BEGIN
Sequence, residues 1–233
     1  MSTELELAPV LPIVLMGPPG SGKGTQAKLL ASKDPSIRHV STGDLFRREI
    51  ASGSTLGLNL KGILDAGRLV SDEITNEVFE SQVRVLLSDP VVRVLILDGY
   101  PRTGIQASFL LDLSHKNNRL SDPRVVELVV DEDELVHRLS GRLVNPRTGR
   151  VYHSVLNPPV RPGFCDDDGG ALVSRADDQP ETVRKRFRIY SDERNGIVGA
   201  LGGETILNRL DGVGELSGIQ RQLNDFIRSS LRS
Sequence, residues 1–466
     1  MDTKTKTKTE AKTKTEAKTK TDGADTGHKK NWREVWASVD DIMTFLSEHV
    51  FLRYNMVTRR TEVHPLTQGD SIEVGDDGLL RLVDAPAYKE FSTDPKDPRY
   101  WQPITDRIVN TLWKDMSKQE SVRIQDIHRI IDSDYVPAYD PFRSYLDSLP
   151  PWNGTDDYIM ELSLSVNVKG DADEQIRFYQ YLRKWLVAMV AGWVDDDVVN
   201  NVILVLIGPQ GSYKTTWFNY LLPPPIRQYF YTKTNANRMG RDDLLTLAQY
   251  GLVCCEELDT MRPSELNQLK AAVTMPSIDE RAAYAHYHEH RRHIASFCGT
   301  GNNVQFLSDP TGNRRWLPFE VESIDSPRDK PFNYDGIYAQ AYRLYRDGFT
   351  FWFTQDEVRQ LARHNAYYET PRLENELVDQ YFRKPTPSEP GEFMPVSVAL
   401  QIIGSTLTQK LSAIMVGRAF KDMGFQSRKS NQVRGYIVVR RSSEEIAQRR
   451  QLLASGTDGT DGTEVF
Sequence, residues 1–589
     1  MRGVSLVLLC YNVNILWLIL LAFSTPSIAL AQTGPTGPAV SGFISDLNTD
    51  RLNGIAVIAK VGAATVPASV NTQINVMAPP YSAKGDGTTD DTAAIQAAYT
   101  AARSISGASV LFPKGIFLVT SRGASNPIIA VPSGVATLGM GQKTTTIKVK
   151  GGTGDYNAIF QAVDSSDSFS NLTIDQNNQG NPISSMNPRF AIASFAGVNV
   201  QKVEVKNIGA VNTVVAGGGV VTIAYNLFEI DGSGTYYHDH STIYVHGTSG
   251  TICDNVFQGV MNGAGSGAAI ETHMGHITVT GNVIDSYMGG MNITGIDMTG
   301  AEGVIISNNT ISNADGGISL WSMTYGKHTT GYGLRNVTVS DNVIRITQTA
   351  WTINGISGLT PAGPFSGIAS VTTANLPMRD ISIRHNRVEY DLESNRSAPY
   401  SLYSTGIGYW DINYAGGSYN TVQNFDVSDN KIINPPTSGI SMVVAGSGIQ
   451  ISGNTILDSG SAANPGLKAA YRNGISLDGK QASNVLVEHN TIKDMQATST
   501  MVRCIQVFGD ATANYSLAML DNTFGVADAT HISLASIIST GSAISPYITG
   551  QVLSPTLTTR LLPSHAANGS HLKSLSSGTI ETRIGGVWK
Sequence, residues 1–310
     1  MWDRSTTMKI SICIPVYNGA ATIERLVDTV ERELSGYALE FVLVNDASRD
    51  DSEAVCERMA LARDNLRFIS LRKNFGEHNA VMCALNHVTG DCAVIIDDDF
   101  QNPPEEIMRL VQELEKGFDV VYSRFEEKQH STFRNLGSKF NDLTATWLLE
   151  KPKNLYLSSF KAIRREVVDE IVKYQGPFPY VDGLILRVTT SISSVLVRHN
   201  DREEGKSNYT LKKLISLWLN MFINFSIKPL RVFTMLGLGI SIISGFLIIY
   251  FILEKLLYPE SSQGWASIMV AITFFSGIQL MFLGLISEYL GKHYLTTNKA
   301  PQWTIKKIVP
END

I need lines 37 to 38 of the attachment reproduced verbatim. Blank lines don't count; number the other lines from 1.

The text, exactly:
   251  FILEKLLYPE SSQGWASIMV AITFFSGIQL MFLGLISEYL GKHYLTTNKA
   301  PQWTIKKIVP